Bloomberg Anywhere Remote Login Bloomberg Terminal Demo Request


Connecting decision makers to a dynamic network of information, people and ideas, Bloomberg quickly and accurately delivers business and financial information, news and insight around the world.


Financial Products

Enterprise Products


Customer Support

  • Americas

    +1 212 318 2000

  • Europe, Middle East, & Africa

    +44 20 7330 7500

  • Asia Pacific

    +65 6212 1000


Industry Products

Media Services

Follow Us

Bloomberg Customers


The Best (and Most Awkward) CEO Cameos in TV History

Sir Richard Branson on set during the 2003 filming of Around The World in 80 Days in Berlin

Photograph by Kurt Vinion/Getty Images

Sir Richard Branson on set during the 2003 filming of Around The World in 80 Days in Berlin

Mickey Drexler, the 69-year-old chief executive officer of J.Crew Group (JCG), is a big fan of AMC’s Breaking Bad, the drama about meth kingpins in Albuquerque. He is such a big fan, in fact, that he scored a cameo in the celebrated show’s final season. On this Sunday’s episode, titled “Confessions,” Drexler will appear as a customer at drug dealer Walter White’s car wash.

The fashion executive is the latest in a long line of high-profile CEOs who’ve tried their hand at amateur thespianism, appearing in everything from hokey sitcoms to dramas to soaps.

Bill Gates, Microsoft chairman

Frasier (2001)

Fielding tech-support-level questions about Microsoft (MSFT) Windows from a live radio show’s listeners is obviously way below Gates’s pay grade. But that’s what made his cameo in the 200th episode of Frasier, when he gleefully hijacks the protagonist’s show, so delightfully weird. The scene culminates in Frasier calling the richest man in the world an “egomaniacal gasbag.” The playful appearance coincided with the launch of Windows XP, just three years after Gates’s abrasive testimony in the United States v. Microsoft Corporation antitrust case.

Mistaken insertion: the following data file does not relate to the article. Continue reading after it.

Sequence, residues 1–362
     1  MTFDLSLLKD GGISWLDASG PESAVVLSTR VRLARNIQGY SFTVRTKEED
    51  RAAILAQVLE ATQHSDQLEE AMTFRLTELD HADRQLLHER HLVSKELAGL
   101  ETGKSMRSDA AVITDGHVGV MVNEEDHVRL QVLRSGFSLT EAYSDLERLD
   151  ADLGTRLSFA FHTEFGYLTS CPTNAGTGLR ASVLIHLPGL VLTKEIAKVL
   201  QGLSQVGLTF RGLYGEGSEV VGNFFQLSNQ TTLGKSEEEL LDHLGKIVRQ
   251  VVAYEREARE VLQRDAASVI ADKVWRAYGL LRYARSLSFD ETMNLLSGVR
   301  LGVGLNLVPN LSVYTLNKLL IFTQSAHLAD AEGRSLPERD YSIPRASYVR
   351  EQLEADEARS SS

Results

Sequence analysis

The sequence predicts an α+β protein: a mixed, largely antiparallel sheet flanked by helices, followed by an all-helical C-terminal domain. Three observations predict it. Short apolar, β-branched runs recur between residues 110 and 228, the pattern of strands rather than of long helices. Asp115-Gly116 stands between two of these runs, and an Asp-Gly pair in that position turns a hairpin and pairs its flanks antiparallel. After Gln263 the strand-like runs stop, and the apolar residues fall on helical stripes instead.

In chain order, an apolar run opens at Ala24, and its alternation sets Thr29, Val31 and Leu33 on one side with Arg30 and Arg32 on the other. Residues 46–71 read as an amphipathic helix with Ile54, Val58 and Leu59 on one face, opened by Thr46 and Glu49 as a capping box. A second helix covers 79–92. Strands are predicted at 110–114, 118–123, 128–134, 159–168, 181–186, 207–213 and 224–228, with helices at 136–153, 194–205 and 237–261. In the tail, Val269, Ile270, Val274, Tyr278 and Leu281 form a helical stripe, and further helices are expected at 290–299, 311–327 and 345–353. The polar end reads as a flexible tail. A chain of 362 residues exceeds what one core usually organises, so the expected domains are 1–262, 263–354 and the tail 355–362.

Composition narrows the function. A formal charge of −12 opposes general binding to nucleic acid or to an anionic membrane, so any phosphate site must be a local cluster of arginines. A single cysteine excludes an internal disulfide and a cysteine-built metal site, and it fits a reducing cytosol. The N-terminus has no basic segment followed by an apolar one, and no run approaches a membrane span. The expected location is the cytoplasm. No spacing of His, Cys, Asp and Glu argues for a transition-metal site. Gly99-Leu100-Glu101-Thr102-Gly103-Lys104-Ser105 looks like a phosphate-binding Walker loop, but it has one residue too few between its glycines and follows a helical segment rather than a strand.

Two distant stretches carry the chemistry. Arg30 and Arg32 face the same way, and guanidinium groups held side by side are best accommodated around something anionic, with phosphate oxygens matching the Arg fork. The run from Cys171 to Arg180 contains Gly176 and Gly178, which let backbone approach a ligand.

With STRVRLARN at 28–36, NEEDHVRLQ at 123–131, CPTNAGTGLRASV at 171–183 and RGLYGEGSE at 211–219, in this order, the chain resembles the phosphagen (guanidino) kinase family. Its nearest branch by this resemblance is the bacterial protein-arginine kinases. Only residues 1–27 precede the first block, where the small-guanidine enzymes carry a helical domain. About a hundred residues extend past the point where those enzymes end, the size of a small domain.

Richard Branson, Virgin Group CEO

Friends (1998)

Branson obviously loves the camera. He’s made cameos in everything from TV (HBO’s Entourage) to movies (Casino Royale, Superman Returns, Around the World in 80 Days). But we’ll always remember him for a Friends episode in the late 1990s titled “The One With Ross’s Wedding: Part 1,” in which he played a street vendor selling Union Jack top hats outside Westminster Abbey. “All Londoners wear them,” he insists. For those who grow weary of Branson’s ham-fisted self-promotion, seeing him hawking street tchotchkes was a welcome change of pace.

Warren Buffett, Berkshire Hathaway CEO

The Office (2011)

All My Children (1992, 2008)

The Berkshire Hathaway (BRK.B) CEO shows up at The Office’s Dunder Mifflin headquarters in Scranton as a no-nonsense interview candidate for regional manager, the position once held by the inept Michael Scott (played by Steve Carell). Buffett delivers an admirable performance haggling for mileage (“gas ain’t cheap, y’know”) and long-distance phone calls. But The Office cameo was just his latest gig; he has appeared twice on the daytime soap opera All My Children, first in 1992 and again in 2008. (In both cases, he gave business advice to entrepreneur Erica Kane, played by Susan Lucci.) He reportedly earned about $700 for his last All My Children appearance, which goes to show: Don’t quit your day job.